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METU EE 584 Lecture Notes by A.Aydin ALATAN © 2012

EE 584

MACHINE VISION

Introduction

Relation with other areas

Image Formation & Sensing

Projections

Brightness

Lenses

Image Sensing

METU EE 584 Lecture Notes by A.Aydin ALATAN © 2012

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Introduction

Vision is the most powerful sense

Vision is the most complicated sense

The purpose of a general

machine/computer/robot vision

system is to produce a symbolic

description of what is being imaged.

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METU EE 584 Lecture Notes by A.Aydin ALATAN © 2012

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Machine Vision System

A typical machine vision system :

Scene Image Description

Application

Feedback

Imaging

Device

MACHINE

VISION

Illumination

Machine vision should be based on complete understanding of image formation

METU EE 584 Lecture Notes by A.Aydin ALATAN © 2012

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Relation to other fields :

3 important related fields :

Image processing

Pattern recognition

Scene analysis

Image

Processing

Input

Image

Output

Image

Pattern

Recognition

Feature

Vector

Class

ID

Scene

Analysis

Input

Description

Output

Description

None of them provides a solution to the problem

“developing symbolic descriptions from images”.

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METU EE 584 Lecture Notes by A.Aydin ALATAN © 2012

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Relation to other fields :

Machine vision vs Computer vision:

Two terms can be used interchangeably

Machine vision more constraints on the

environment and focus on (industrial) applications

Computer vision more generic in terms of

content and applications

This course is about

fundamentals of

vision

research

Image from http://en.wikipedia.org/wiki/Computer_vision

METU EE 584 Lecture Notes by A.Aydin ALATAN © 2012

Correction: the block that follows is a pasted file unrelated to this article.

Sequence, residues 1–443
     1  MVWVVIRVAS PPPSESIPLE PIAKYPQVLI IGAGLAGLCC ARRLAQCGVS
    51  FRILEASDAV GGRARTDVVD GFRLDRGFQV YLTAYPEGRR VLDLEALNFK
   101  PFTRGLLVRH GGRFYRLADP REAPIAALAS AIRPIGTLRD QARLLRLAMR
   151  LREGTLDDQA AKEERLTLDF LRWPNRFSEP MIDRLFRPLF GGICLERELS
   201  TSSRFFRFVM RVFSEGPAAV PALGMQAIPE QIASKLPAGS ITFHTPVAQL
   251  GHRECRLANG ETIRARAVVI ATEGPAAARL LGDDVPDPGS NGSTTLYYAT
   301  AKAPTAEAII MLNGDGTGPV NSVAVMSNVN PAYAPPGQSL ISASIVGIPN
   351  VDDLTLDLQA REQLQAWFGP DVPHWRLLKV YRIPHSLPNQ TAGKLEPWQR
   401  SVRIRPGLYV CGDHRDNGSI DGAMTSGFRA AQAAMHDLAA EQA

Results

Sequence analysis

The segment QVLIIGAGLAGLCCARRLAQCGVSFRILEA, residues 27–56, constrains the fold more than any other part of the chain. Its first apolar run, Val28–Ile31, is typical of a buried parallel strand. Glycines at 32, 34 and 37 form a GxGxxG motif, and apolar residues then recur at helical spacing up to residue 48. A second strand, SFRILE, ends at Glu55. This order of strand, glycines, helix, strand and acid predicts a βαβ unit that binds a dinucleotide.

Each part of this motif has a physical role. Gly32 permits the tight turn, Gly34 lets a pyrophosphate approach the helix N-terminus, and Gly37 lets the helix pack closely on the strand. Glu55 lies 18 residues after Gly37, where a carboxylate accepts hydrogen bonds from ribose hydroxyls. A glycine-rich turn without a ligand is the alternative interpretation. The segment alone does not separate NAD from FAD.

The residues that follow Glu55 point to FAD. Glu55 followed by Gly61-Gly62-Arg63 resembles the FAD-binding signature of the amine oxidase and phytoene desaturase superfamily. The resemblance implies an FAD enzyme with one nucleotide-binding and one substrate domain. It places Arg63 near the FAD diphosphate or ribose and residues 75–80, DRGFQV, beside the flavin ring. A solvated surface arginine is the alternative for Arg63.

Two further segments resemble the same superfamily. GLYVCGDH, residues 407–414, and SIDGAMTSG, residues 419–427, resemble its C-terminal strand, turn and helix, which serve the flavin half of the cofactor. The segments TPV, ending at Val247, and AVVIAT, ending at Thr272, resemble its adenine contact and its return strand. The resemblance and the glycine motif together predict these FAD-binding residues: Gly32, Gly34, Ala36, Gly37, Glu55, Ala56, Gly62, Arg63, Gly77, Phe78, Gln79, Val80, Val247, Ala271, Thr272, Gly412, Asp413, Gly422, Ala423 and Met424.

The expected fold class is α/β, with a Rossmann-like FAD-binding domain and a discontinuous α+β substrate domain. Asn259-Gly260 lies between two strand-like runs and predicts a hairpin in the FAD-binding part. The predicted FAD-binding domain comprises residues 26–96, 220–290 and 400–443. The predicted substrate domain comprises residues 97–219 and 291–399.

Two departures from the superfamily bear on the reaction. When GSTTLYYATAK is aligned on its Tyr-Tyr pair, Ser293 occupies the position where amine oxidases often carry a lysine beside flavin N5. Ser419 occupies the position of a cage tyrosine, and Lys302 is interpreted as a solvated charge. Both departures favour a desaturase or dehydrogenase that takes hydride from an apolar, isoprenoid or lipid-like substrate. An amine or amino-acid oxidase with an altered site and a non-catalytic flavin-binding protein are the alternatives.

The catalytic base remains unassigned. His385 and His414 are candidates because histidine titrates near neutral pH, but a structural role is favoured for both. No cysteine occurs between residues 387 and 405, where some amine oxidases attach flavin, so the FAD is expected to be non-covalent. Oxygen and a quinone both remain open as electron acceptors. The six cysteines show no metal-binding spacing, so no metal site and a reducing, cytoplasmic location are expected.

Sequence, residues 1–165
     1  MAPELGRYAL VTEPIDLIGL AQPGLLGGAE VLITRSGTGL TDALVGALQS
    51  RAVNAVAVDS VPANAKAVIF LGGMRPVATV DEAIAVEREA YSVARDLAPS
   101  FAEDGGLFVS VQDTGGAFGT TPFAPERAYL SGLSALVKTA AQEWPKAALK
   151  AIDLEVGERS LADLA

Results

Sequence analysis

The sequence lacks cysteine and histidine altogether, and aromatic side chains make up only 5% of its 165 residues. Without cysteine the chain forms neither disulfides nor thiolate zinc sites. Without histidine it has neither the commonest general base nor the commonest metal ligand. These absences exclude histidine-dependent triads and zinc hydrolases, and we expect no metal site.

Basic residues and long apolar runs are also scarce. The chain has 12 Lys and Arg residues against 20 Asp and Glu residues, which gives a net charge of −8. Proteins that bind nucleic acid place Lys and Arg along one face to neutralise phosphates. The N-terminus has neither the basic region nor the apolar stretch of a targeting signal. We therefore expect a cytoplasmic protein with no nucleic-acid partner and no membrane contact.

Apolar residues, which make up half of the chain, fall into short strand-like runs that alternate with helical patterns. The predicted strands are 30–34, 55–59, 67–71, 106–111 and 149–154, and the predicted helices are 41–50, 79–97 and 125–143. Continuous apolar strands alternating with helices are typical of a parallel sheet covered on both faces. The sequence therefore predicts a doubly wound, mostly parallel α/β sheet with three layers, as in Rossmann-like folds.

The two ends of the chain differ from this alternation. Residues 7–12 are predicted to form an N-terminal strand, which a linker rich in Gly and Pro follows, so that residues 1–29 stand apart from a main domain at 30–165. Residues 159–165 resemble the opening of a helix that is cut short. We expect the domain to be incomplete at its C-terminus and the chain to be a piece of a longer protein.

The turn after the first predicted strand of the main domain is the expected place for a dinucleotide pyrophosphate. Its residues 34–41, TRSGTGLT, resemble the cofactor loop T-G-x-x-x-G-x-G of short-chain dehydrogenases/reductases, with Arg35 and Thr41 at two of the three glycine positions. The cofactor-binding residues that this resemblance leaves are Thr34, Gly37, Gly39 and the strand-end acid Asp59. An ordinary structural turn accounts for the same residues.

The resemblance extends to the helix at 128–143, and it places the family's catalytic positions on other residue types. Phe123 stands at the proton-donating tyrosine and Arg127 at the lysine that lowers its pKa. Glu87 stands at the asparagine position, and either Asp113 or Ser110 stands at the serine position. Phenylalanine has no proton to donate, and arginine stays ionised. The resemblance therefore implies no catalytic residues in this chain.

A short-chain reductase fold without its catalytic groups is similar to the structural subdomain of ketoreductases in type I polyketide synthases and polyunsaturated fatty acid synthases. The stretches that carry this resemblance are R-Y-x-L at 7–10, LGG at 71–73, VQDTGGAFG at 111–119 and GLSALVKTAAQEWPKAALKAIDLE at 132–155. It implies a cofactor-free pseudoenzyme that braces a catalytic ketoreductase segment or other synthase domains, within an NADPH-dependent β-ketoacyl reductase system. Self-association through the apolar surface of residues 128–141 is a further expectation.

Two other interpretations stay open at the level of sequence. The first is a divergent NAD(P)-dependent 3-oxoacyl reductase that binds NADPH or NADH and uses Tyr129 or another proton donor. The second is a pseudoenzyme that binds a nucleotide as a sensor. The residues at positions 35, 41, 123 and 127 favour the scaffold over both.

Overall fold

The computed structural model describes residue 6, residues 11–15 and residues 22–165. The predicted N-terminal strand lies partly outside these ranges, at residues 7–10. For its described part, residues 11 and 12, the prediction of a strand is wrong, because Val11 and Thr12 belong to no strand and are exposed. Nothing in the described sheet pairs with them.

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ModelImages

Vision

Graphics

Inverse problems: analysis and

synthesis.

Vision and Graphics

slide from Computer Vision Lecture Notes Trevor Darrell

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METU EE 584 Lecture Notes by A.Aydin ALATAN © 2012

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Image Formation

Projection of 3-D world onto 2-D

image plane

Two crucial questions :

What determines the

position

of a 3-D

object point on the 2-D image plane?

What determines the

brightness

of a 3-D

object point on the 2-D image plane?

METU EE 584 Lecture Notes by A.Aydin ALATAN © 2012

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Image Formation

slide from Computer Vision Lecture Notes Trevor Darrell

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METU EE 584 Lecture Notes by A.Aydin ALATAN © 2012

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Camera Models

Pinhole camera model

METU EE 584 Lecture Notes by A.Aydin ALATAN © 2012

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Camera Models

Pinhole camera model

Z

Y

fy

Z

X

fx ==,

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METU EE 584 Lecture Notes by A.Aydin ALATAN © 2012

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Camera Models

In pin-hole camera, distant objects are observed smaller

B

C

METU EE 584 Lecture Notes by A.Aydin ALATAN © 2012

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Camera Models